Imagine travelling thousands of miles to be greeted by uninterested London office workers more concerned about getting lunch than welcoming visitors from far off lands. It would be bad enough for an ordinary tourist, but if you happen to be a head of state perched next to the Queen in an open landau proceeding ceremonially along a central London street, such obvious indifference might strike you as somewhat galling.

Just as well then, that, as of yesterday the ceremonial route to mark the start of a state visit was changed with the arrival in Britain of Robert Mugabe, President of Zimbabwe. Instead of starting the lunchtime ceremonial procession at Victoria station and proceeding along the office-lined Victoria Street, the route was amended to start at Horseguards Parade where enthusiastic tourists dutifully gathered in abundance. From there it was plain sailing to get to Buckingham Palace along the Mall, awash with appreciative onlookers.

Maurice Pillinger, a special operations manager for Westminster council, who is responsible for liaising with the palace and the police over ceremonial events, said: 'The office workers have got used to it over the years. They've seen it all before, so you're going to get a much better reception from the tourists along the Mall.'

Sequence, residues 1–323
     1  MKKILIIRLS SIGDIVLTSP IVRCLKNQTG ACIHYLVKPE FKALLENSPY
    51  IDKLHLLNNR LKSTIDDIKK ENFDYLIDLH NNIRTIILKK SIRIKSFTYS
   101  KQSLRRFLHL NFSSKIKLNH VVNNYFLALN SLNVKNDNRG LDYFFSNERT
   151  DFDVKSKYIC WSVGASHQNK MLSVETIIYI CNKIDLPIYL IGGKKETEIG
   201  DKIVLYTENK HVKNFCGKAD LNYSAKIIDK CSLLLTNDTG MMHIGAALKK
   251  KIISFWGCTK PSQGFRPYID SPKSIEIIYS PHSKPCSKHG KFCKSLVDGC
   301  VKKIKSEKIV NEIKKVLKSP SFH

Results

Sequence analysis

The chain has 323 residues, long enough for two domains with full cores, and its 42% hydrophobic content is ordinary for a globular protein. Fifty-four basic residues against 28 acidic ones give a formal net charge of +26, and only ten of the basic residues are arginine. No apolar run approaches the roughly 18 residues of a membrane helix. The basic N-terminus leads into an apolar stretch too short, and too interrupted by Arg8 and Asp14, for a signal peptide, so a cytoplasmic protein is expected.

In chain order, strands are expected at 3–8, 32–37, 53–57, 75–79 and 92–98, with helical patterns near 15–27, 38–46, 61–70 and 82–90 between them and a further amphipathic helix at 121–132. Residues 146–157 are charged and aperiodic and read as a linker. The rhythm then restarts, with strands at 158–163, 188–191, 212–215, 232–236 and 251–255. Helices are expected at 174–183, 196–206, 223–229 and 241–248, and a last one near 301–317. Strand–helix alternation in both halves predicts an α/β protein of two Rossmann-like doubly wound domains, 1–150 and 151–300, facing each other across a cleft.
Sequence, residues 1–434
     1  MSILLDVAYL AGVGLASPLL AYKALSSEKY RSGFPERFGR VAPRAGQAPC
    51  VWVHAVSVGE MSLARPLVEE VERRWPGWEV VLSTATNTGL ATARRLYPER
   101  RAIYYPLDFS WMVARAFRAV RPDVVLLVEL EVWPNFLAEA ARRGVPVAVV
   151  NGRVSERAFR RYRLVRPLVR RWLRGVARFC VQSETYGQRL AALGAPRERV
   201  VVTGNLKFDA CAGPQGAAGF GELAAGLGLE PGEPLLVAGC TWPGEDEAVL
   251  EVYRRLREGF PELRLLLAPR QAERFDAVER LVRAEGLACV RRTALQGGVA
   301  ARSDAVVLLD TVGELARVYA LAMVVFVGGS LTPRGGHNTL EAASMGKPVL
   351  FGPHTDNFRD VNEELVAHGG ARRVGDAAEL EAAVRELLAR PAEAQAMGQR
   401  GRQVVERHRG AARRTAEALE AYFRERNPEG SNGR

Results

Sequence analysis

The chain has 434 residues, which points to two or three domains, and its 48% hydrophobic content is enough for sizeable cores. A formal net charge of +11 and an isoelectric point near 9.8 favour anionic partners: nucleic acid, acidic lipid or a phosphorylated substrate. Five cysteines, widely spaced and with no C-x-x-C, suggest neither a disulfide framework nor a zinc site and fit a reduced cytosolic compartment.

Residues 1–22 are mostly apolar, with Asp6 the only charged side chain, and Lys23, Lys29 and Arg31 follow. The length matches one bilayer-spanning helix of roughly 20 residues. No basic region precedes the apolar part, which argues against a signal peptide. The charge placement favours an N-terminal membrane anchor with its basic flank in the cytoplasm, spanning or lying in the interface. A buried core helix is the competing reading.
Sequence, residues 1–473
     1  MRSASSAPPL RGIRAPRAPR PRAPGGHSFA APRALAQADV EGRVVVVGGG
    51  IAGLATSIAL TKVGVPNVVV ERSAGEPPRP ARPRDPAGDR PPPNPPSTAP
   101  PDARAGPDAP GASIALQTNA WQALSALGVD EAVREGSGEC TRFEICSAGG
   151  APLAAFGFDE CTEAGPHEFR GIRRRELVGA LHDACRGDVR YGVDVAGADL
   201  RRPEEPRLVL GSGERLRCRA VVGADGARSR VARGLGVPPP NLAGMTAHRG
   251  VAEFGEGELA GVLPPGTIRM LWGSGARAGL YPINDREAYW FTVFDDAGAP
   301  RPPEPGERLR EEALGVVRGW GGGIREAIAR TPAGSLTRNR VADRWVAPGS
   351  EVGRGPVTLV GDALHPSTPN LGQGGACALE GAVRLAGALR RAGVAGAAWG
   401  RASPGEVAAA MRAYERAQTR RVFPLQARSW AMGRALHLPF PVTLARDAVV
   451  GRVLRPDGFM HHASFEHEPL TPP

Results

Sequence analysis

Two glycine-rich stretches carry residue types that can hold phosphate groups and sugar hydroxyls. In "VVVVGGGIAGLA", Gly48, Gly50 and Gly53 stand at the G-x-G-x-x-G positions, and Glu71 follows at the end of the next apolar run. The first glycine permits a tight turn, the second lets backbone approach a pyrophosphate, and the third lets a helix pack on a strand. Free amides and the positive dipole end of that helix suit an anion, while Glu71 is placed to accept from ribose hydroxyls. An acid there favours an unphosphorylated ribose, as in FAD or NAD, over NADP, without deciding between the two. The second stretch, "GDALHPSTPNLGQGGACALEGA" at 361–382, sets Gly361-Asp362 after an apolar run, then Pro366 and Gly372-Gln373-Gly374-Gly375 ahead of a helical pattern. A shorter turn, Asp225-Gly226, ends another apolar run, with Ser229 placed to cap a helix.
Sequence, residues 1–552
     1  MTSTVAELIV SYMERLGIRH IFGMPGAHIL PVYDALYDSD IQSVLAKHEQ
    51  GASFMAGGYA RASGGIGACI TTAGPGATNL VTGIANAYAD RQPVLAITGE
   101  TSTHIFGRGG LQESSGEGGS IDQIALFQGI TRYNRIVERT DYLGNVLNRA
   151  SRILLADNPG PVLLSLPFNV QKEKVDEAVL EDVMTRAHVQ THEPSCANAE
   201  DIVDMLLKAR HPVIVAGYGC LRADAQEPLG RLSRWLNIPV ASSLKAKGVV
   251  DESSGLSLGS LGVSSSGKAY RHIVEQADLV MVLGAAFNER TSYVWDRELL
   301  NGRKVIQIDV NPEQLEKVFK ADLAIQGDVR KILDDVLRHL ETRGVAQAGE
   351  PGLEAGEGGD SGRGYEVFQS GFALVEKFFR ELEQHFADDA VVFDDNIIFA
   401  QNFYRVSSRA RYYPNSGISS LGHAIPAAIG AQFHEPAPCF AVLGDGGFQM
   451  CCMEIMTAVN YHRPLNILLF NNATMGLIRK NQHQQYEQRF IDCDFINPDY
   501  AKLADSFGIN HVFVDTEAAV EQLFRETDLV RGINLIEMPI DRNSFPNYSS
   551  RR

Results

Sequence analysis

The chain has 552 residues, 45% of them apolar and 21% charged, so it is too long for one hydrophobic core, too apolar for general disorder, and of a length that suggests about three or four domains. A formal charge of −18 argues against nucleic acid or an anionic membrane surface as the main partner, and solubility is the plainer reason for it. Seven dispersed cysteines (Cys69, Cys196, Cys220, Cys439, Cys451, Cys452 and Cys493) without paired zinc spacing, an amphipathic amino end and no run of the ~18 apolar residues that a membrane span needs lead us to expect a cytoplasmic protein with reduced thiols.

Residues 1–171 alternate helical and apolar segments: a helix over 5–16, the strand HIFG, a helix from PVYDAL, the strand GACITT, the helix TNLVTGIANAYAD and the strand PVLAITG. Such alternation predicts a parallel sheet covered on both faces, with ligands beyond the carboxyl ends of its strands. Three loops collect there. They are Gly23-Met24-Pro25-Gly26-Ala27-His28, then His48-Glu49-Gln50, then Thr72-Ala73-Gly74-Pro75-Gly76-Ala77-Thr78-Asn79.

There are other advantages to shortening the route; less traffic congestion, less security, and less expense. Mr Pillinger will not have to send out his team to remove street furniture around Parliament Square to give the royal carriages a wider berth.

But shortening the route means that, unless visiting heads of state opt for a trip on one of the capital's topless sight-seeing buses during their stay, they will miss out on some notable tourist attractions, including Big Ben, Westminster Abbey and Westminster Cathedral.

(Photograph omitted)

(Map omitted)